Locals and visitors alike will enjoy an African safari experience in the heart of Jackson Hole with the National Museum of Wildlife Art’s February 13 installment of its popular second-Thursday-of-the-month evening Mix’d Media event. In addition to the opportunity to view the stunning, spare photographs of “Elegy: The African Photography of Nick Brandt 2001-2008” exhibition, which serves as a theme for the event, guests can dine and sip on East African-inspired food and gin and tonics – and try their hand at snipping cut paper silhouettes as the evening’s hands-on art activity. Screen Door Porch will provide live music accompaniment to the festivities. The event takes place from 6-9 p.m. on Thursday, February 13 at the museum. Cover charge is $5 for non-members, free for museum members.

The Mix’d Media event also provides the opportunity for attendees to preview the entries in Trophy Art: Fun Forms for All, all of which goes up for sale on a first-come, first-serve basis on February 22. We had a chance to view a selection of these new takes on traditional animal mounts ourselves. As no animals were harmed in their creation, the entries bridge a whimsical gap between representation and artistic interpretation. From a majestic moose antler taking flight in new form to a delicately hand-painted plaster skull, the trophies would all provide delightful additions to a residential or office wall.

“Deer Skull with Lily” by Jane Lavino is one of the mounts available for sale at the Trophy Art fundraiser.

“Deer Skull with Lily” by Jane Lavino is one of the mounts available for sale at the Trophy Art fundraiser.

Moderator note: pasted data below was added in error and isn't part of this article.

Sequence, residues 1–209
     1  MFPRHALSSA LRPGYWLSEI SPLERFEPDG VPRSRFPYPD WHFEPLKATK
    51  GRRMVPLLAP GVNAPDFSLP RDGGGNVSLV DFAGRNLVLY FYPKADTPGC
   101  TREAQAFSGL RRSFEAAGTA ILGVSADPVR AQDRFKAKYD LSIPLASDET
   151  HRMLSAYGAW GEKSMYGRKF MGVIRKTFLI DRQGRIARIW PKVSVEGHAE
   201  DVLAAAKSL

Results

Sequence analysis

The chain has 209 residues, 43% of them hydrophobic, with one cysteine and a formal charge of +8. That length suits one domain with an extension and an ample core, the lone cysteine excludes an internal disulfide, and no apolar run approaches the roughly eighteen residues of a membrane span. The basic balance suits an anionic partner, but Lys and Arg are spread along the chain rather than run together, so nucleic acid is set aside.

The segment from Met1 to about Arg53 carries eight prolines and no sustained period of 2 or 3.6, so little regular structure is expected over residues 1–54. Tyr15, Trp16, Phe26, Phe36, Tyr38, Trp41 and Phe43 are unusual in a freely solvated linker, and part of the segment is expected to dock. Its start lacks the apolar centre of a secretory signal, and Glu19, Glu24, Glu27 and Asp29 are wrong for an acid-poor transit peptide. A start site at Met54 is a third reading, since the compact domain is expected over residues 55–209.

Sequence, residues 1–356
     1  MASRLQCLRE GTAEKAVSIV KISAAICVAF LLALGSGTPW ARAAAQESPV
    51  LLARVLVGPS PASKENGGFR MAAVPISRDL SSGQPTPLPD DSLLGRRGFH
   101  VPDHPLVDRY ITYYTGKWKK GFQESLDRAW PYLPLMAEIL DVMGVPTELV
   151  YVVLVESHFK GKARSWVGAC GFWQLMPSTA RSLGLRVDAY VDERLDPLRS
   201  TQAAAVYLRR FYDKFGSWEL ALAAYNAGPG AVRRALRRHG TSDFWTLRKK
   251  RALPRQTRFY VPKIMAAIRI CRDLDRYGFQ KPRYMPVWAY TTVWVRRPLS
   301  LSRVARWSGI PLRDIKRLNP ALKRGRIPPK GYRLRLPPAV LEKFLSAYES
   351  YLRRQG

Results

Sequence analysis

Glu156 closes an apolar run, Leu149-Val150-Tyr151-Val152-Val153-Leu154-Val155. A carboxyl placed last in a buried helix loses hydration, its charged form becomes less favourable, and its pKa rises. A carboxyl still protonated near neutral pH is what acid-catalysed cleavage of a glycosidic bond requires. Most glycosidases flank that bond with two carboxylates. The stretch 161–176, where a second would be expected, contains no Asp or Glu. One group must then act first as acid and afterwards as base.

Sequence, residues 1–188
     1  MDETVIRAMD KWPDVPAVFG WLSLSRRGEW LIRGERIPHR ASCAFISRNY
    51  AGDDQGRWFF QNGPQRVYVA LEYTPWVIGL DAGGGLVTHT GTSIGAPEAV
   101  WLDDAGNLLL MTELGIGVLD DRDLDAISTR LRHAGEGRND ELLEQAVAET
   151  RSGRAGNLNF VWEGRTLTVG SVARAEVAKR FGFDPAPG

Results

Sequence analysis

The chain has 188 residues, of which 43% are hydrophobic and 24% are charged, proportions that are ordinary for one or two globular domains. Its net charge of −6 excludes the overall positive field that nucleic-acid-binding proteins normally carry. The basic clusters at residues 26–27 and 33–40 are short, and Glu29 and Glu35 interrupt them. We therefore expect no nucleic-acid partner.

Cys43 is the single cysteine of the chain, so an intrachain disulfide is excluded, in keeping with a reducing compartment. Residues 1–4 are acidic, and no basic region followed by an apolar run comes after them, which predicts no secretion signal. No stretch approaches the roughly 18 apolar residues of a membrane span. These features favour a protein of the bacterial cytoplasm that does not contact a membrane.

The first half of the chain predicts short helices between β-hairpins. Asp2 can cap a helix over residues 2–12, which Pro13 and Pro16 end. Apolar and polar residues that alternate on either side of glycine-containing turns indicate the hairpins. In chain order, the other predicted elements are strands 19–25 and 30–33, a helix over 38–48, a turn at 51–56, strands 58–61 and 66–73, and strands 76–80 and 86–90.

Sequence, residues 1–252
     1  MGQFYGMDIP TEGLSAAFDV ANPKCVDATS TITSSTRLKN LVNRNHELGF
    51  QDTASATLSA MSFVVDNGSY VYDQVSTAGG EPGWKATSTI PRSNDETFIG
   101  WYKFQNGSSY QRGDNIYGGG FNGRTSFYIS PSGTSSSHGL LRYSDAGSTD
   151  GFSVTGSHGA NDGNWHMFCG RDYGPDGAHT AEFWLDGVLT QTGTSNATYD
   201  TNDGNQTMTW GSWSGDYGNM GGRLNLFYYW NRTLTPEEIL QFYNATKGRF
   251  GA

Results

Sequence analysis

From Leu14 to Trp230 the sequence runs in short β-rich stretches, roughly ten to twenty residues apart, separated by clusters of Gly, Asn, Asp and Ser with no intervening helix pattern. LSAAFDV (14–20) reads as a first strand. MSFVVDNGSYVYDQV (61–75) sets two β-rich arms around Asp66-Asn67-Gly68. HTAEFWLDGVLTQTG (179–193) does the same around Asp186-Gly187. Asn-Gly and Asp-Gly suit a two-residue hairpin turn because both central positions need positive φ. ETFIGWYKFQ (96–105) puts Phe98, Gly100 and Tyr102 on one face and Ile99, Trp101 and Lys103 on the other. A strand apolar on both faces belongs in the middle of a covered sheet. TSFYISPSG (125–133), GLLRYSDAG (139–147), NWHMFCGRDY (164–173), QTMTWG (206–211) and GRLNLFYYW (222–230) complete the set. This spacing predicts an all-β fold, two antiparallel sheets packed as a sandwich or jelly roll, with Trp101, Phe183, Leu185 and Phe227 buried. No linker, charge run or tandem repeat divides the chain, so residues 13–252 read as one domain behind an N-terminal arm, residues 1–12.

Marvel at the selected trophies yourself:

With the tongue-in-cheek tagline “No animals died in the making of these mounts,” the National Museum of Wildlife Art will offer the public an opportunity to purchase unique wildlife-inspired “trophy art,” as well as learn how to decorate using the faux mounts and perhaps create their own “shed antler art” home furnishings from found pieces.

The museum’s new Trophy Art: Fun Forms for All fundraiser takes place February 22 from 11 a.m. – 2 p.m. with expert talks by interior designer Christy Fox, owner of Wilson Formal in Wilson, and artisan Kyle Anderson of Game Trail Gatherings in Jackson. To add to the fun, a hands-on art activity will be provided, and pizza by Caldera and desserts from Persephone Bakery will be available for tasting. Admission to the event is free and includes access to the Wapiti Gallery, Rising Sage Café and the Museum Shop (regular museum admission will be charged for entry to the rest of the museum galleries).

Having some fun with the misconception of some museum visitors that it displays wildlife taxidermy, the National Museum of Wildlife Art conceived its new Trophy Art fundraiser, soliciting wildlife trophy-inspired artworks from national, Jackson Hole area and even amateur artists. The works will be on display at the museum February 12 – March 15, and are available for sale on a first come, first served basis, beginning at the February 22 event. Proceeds benefit the National Museum of Wildlife Art’s youth education programs.

The schedule of events for the February 22 Trophy Art: Fun Forms for All, to be held in the museum’s Wapiti Gallery, is as follows: